Of course if you'd rather sleep in, arriving any time in the morning is fine, for you can see the wonderful sights going full-tilt until noon:  dozens of stands loaded with fresh produce, fruits, vegetables, salads, fish, flowers (Campo dei Fiori translates as "field of flowers") and a newsstand. The little piazza is a great place for taking colorful pictures of bright red, yellow, purple, pink and green fruits 'n veggies, as well as candid people photos of the workers and shoppers, most of whom are so busy they won't notice you pointing your camera at them. (Photo tip: it's usually better to include a person somewhere in your shot, even if in the background.)

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Don't come too late because by mid-day most food stands have shut down -- the merchants have packed up their goods and pushed them back into the nearby warehouses for overnight storage. The center is clear, ready for the next act. Around noon it transforms into a popular luncheon piazza, encircled by a dozen outdoor restaurants which are fascinating to observe, and tasty, if rather touristic: fine for simple pizza, salad, pasta or drinks, and ideal for its people-watching atmosphere from an al fresco table.  If you are hungry for excellent food, the adjacent lanes are sprinkled with better choices, such as Ditirambo, Costanza and Teatro di Pompeo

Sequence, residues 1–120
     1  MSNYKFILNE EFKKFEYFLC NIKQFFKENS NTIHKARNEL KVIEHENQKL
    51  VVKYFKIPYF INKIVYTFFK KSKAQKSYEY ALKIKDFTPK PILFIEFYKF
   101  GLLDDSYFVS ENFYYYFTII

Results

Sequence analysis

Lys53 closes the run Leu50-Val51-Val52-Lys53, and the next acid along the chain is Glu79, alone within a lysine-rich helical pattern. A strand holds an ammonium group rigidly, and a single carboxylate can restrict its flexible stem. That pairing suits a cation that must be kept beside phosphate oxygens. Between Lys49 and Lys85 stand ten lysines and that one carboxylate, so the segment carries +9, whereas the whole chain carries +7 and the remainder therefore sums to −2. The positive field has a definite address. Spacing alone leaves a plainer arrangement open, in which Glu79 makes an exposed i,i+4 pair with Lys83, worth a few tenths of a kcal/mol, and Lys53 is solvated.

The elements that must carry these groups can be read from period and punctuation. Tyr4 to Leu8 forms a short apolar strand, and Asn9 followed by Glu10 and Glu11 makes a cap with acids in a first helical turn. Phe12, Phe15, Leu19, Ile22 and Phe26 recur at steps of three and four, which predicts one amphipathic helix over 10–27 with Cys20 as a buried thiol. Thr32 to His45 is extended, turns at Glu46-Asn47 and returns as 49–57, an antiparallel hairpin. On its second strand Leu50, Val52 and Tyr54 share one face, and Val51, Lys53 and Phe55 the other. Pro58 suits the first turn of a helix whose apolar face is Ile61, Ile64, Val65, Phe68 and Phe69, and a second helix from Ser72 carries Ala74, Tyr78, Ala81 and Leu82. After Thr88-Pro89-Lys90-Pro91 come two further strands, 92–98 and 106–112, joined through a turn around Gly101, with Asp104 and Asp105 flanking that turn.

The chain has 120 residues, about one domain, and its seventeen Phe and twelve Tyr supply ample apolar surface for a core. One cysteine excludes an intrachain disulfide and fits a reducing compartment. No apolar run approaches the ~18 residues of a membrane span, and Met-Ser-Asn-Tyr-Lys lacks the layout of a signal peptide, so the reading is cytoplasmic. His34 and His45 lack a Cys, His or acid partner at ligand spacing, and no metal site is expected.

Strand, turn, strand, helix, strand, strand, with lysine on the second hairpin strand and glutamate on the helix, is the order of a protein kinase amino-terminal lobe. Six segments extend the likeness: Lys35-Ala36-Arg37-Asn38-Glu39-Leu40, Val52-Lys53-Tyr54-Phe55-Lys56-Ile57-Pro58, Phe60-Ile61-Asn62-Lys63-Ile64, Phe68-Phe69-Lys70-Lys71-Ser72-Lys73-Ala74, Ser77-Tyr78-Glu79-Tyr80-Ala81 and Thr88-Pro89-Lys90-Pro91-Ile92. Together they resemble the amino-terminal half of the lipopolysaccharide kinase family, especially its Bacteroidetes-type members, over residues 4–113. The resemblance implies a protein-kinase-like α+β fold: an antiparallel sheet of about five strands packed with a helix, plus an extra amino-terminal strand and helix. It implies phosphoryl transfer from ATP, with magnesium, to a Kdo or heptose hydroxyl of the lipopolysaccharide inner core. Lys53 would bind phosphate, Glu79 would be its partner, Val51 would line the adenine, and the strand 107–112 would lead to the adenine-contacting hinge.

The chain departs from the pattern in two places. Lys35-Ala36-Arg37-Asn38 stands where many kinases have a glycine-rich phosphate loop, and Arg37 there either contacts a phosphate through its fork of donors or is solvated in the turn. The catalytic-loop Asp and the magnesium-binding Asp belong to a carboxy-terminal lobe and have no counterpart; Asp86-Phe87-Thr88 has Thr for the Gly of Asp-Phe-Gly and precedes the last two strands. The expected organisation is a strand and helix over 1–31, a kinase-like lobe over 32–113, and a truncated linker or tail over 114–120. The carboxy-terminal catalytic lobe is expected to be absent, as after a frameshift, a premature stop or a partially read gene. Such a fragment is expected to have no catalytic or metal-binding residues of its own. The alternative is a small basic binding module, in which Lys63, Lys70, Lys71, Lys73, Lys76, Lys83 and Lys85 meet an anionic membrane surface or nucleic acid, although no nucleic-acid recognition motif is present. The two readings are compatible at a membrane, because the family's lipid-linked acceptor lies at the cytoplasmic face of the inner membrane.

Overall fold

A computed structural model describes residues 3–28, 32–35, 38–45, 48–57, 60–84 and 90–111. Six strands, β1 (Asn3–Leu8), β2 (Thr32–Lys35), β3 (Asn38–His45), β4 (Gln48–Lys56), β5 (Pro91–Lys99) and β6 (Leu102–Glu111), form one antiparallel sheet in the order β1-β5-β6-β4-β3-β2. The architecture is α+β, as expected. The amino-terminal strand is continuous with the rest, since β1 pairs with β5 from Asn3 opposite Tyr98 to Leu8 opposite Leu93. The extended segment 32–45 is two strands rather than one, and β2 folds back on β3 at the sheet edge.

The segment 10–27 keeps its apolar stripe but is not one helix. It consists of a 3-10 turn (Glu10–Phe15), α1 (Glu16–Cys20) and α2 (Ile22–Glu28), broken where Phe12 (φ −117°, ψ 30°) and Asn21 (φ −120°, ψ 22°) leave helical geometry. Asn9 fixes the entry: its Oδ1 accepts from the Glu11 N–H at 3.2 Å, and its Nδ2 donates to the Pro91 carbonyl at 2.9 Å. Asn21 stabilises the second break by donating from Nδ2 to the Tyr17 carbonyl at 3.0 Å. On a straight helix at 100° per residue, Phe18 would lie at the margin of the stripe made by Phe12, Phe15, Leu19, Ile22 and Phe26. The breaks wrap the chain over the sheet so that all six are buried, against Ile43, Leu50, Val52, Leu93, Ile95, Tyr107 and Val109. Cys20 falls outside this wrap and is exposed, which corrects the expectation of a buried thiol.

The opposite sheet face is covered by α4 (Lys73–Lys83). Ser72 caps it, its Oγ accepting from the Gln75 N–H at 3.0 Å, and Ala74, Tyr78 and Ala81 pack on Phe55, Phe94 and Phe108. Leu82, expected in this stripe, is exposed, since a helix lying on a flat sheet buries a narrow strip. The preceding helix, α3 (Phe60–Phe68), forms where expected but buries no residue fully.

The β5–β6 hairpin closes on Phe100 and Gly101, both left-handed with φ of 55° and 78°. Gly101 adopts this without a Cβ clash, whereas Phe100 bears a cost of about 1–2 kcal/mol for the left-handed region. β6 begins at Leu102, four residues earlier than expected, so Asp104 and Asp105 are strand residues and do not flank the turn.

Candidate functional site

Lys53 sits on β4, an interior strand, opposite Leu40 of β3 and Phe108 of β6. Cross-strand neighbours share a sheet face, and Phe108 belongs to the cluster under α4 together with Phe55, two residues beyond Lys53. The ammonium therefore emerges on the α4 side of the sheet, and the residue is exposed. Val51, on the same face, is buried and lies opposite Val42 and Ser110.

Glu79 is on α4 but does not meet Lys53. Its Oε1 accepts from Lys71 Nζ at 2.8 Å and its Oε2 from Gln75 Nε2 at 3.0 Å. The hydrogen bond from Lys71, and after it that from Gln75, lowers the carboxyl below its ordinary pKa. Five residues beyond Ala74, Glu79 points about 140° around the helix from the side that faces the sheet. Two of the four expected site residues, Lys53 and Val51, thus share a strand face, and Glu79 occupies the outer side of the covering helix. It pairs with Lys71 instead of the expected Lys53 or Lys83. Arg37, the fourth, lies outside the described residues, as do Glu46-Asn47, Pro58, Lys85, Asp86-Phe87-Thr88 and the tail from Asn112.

Later in the afternoon, things get quiet in the Campo as it settles into the typical local rhythm of siesta, but then action picks up again before twilight as the city comes back to life.  Of course in our suggested walking tour, you are just visiting in the morning and then moving on with the rest of the itinerary, but try and find time to come back here on your own later, even at night, such as we suggest at the end of Walk Four.

The Campo dei Fiore becomes a lively party scene in the evening when wine and beer flows like water and hundreds of people gather at the tables and stand in the plaza, chattering and laughing.


Have a look at the huge Palazzo della Cancellaria at the north corner of the Campo dei Fiori, and if the big doors are open, walk inside the impressive courtyard that has a large two-level surrounding loggia built partly with stones and columns scavenged from the ancient Theater of Pompey and Colosseum.  This palace is extra-territorial property of the Church (the Vatican State) and is not part of Italy.  The Palazzo was the first Renaissance palace in Rome, built for the family of Pope Sixtus IV and finished in 1513, but it was seized a few years later by arch-rival Pope Leo X.    Palazzo della Cancellaria is an immense building but only has three floors – they built very high ceilings for the rich in those days.